Sunday, May 18, 2014

Defining Assassins

Since we’ll be discussing assassins and The Queen’s Blade, I thought it fitting to talk about what an assassin is, exactly. Let’s first take a look at the dictionary definitions:

Oxford Dictionaries: “A person who murders an important person for political or religious reasons.”

Merriam-Webster: “A person who commits murder; especially:  one who murders a politically important person either for hire or from fanatical motives.”

As far as I’m concerned, the word ‘assassin’ refers to anyone who is paid to kill another person. However, most of history’s famous assassins were not, in fact, paid to kill, but committed murder for personal reasons, be they political or otherwise. This confuses me – surely if you are not paid to kill, you are nothing but a common murderer? Yet these people go down in history, romanticised as assassins. For example, why is JW Booth an assassin just because he killed a president rather than Joe Soap on the street? It makes no sense to me.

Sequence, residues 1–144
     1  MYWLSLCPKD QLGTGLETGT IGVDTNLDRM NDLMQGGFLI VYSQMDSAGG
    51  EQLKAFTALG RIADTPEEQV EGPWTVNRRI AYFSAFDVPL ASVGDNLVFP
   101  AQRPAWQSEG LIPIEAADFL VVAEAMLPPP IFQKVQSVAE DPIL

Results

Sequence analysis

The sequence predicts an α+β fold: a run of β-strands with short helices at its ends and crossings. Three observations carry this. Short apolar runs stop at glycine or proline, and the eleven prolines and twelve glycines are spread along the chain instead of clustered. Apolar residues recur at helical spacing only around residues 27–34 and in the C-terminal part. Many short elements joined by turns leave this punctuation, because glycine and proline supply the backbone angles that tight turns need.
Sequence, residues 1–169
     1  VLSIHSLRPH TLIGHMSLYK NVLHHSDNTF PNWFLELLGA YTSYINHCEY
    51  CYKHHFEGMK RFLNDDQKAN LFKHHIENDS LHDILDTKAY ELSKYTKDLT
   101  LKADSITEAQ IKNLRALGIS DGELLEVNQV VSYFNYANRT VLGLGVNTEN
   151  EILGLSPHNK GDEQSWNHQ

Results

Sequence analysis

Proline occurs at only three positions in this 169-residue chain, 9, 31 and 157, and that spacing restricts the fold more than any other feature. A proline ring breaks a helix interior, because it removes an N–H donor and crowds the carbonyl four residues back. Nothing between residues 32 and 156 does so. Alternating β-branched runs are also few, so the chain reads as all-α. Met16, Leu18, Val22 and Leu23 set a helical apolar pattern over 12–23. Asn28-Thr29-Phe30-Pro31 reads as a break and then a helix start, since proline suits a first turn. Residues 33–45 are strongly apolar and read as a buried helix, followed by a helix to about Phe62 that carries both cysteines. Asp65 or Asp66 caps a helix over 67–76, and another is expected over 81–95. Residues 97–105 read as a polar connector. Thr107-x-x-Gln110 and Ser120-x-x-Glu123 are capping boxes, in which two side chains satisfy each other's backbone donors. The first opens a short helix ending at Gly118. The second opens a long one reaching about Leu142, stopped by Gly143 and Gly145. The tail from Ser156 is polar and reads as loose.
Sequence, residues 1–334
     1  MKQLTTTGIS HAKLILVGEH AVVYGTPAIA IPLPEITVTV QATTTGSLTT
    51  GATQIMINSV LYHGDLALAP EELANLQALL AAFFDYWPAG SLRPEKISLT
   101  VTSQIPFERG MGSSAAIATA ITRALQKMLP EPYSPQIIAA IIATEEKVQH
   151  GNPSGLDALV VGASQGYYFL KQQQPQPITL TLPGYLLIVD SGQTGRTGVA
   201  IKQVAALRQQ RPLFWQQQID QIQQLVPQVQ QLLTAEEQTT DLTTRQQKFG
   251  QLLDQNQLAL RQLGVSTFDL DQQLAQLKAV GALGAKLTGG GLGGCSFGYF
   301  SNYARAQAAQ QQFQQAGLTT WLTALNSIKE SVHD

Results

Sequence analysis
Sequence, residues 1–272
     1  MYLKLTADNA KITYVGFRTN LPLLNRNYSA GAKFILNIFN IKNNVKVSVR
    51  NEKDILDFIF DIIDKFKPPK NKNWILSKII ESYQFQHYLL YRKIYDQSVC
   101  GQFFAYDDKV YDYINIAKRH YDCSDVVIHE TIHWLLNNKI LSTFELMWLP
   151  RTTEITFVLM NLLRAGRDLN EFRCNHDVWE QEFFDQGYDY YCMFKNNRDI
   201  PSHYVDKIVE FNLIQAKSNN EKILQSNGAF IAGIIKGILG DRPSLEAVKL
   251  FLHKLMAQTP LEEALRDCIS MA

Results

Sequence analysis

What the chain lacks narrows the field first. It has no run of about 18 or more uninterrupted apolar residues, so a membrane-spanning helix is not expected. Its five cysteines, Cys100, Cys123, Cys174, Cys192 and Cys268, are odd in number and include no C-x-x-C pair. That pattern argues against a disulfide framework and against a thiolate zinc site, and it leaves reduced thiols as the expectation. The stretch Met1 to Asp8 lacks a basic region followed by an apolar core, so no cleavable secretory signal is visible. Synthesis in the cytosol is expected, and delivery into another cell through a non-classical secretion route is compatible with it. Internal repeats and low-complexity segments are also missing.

In my opinion, someone who is paid to kill someone else is an assassin. If you are not paid to kill, you’re a murderer. Real assassins don’t have a personal agenda or anything to gain from the kill either, other than the payment. Blade, the master assassin in my fantasy series, The Queen’s Blade, would certainly agree with my definition. In fact, assassins in the series undergo intensive training and have strict rules to adhere to.

What do you think the dictionary and accepted definition of an assassin should be?

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